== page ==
The report said there was inadequate fire protection at SRS near Aiken, whose temporarily idled nuclear reactors provide the nation’s onlv source of tritium, a radioactive gas used to make warheads.
The report cited a 1986 federal review of the problem that said the only firefighting device available at one nuclear reactor there was an ordinary garden hose.
Site officials have since begun installing additional sprinkler systems as preventive measures. The 1950s-era reactors have been shut down nearly a year for a
range of DOE-ordered management and equipment upgrades, and are to be reactivated starting early in 1990.
The latest blow to the weapons program was struck at the Rocky Flats plutonium fabrication plant, near Boulder, Colo., where FBI agents swooped in June 6 to check out allegations of a cover-up of illegal storage and waste disposal practices.
The Energy Department subsequently froze nearly $5 minion in bonus payments to the operator of the Rocky Flats facili-ty, Rockwell International Corp.
The bonuses were to cover work performed between September 1988 and March 1989, but have been “frozen indefi-
A Strange Day
nitely,” according to W. Henson Moore, Energy Department deputy director.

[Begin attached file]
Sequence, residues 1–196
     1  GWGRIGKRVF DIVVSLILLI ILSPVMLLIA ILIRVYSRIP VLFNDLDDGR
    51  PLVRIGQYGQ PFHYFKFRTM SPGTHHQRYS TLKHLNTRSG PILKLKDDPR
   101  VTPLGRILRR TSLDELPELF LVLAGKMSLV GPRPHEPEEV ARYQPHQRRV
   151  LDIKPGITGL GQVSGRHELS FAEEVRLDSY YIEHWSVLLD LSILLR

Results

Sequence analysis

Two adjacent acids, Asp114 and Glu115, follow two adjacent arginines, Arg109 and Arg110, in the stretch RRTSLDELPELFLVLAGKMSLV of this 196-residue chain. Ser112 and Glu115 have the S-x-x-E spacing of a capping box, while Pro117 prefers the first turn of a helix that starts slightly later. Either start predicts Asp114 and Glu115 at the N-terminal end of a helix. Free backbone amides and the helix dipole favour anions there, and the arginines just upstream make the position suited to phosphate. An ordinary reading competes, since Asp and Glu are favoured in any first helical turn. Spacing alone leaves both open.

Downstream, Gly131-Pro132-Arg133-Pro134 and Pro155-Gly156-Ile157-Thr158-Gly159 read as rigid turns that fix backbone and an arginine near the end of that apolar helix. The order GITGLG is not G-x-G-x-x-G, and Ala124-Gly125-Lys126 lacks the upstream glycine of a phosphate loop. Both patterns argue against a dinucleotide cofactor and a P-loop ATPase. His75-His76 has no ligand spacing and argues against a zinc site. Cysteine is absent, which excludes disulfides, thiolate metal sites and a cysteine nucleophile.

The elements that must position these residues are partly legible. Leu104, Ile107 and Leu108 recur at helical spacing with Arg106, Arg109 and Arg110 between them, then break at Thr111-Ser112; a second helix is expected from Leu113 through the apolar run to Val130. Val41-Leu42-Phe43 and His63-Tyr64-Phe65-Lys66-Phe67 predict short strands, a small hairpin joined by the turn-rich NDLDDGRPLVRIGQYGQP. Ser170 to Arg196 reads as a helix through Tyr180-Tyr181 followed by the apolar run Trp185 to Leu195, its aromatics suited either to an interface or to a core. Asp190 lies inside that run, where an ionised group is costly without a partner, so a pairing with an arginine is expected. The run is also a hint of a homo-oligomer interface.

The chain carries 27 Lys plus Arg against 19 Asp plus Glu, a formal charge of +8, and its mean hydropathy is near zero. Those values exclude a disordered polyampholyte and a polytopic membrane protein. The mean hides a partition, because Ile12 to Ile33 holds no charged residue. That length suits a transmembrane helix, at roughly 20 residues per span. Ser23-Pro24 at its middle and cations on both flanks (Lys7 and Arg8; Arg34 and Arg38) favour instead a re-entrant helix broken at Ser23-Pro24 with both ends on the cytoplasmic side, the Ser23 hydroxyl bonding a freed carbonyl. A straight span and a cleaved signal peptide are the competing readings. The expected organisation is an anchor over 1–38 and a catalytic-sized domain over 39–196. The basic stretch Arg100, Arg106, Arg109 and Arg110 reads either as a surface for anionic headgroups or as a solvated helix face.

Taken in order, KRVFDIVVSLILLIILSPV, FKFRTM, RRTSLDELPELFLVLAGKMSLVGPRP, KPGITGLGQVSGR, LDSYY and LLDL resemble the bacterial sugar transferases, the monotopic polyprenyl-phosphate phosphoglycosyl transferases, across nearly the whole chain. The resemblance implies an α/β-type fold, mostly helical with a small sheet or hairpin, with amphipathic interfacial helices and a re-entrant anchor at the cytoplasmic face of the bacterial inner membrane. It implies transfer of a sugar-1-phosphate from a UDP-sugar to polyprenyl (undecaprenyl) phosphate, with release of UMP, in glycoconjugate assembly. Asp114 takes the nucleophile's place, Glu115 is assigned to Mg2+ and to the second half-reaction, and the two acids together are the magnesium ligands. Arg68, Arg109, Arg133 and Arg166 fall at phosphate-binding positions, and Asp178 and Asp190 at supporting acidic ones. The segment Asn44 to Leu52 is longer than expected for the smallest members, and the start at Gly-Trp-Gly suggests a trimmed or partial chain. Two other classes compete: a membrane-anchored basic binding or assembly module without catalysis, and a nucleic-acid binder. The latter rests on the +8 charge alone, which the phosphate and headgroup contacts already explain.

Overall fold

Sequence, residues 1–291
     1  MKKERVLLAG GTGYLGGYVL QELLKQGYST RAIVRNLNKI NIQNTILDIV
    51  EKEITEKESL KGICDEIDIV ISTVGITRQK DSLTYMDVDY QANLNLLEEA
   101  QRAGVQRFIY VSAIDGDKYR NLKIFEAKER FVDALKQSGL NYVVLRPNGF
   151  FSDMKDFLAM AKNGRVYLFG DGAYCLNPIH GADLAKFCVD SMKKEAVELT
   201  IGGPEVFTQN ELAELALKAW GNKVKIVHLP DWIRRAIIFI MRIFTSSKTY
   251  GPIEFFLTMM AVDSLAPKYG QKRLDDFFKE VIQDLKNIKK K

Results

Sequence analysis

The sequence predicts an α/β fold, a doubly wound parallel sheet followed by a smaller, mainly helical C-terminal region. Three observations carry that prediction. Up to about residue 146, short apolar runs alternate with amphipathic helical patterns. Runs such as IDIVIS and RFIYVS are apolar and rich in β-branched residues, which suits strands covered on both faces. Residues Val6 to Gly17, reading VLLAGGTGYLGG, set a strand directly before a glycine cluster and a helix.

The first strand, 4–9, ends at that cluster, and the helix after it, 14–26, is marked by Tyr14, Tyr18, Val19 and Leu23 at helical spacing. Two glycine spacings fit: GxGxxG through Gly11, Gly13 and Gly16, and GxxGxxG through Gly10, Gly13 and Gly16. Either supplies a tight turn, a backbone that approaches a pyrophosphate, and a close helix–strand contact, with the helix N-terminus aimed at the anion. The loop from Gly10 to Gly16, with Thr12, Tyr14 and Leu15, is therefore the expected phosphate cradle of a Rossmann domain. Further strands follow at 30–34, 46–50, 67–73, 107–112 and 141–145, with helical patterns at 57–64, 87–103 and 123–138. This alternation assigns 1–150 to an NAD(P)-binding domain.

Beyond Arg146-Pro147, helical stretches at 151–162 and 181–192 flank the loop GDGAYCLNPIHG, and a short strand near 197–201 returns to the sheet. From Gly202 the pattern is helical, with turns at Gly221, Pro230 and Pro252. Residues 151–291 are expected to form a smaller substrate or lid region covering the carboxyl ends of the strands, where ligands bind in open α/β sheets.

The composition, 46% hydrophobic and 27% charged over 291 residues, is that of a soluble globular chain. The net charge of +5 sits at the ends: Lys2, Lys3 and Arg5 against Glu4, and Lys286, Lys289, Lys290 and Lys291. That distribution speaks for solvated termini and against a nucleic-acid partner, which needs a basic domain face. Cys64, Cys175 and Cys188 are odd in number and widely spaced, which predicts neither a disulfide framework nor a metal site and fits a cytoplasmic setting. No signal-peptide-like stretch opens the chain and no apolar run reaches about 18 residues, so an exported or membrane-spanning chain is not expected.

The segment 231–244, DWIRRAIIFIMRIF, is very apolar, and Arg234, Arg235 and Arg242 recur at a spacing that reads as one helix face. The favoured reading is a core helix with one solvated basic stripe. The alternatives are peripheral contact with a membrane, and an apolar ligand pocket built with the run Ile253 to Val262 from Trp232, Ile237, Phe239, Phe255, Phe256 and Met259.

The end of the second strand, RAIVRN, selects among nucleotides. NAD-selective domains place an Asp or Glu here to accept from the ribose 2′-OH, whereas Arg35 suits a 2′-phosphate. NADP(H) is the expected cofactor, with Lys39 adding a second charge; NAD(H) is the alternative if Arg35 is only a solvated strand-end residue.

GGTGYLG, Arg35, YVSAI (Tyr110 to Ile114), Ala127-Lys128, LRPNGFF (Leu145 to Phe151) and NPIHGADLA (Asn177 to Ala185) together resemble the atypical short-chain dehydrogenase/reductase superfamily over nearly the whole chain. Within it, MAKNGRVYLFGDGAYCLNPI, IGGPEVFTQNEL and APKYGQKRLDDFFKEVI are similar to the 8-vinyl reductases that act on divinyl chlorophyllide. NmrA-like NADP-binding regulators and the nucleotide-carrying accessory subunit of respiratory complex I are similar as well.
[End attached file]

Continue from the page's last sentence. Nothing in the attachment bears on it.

“They’re not going to get that money until we know more,” Moore said Friday.
Energy Secretary James D. Watkins is putting together a master plan for modernizing the complex and cleaning up the radioactive and toxic wastes that have contaminated the sites and surrounding areas during 40 years of bomb making. He says national security may be jeopardized if improvements aren’t made quickly.
Estimates of the rebuilding and cleanup cost range up to $150 billion over 30
(Please See SAFETY, Page 3A)
Sales Tax Option Still Awaits Action
SECOND TIME AROUND: Curtis Strange after becoming the first golfer to repeat as 1950-51. For story, please see Page 8A.
clutches the U.S. Open trophy champion since Ben Hogan in
By The Associated Press
COLUMBIA — State lawmakers predict a calm few days when they return today to consider budget vetoes, a new tax for local governments and expanding the state Senate.
“I don’t see any fireworks at all,” said Sen. John Land, D-Manning, of the session that could extend until Thursday. Most lawmakers predict they’ll finish before then.
Land chairs the committee considering the issue with the most potential controversy: the so-called local option sales tax.
But lawmakers must also deal with Gov. Carroll Campbell’s $4.2 million in vetoes on the budget and other bills, as well as a biP se.Wg to >pand the state Senate from 46 to 48 members.
The local option sales tax proposal would allow cities and counties to end their reliance on the property tax for revenue by raising the sales tax a penny on the dollar, from 5 percent to 6 percent, if voters approve. The revenue would be split between property tax rollbacks and the general funds of cities and counties.
So far, though, state House and Senate conferees have been unable to agree on how much should go for property tax relief.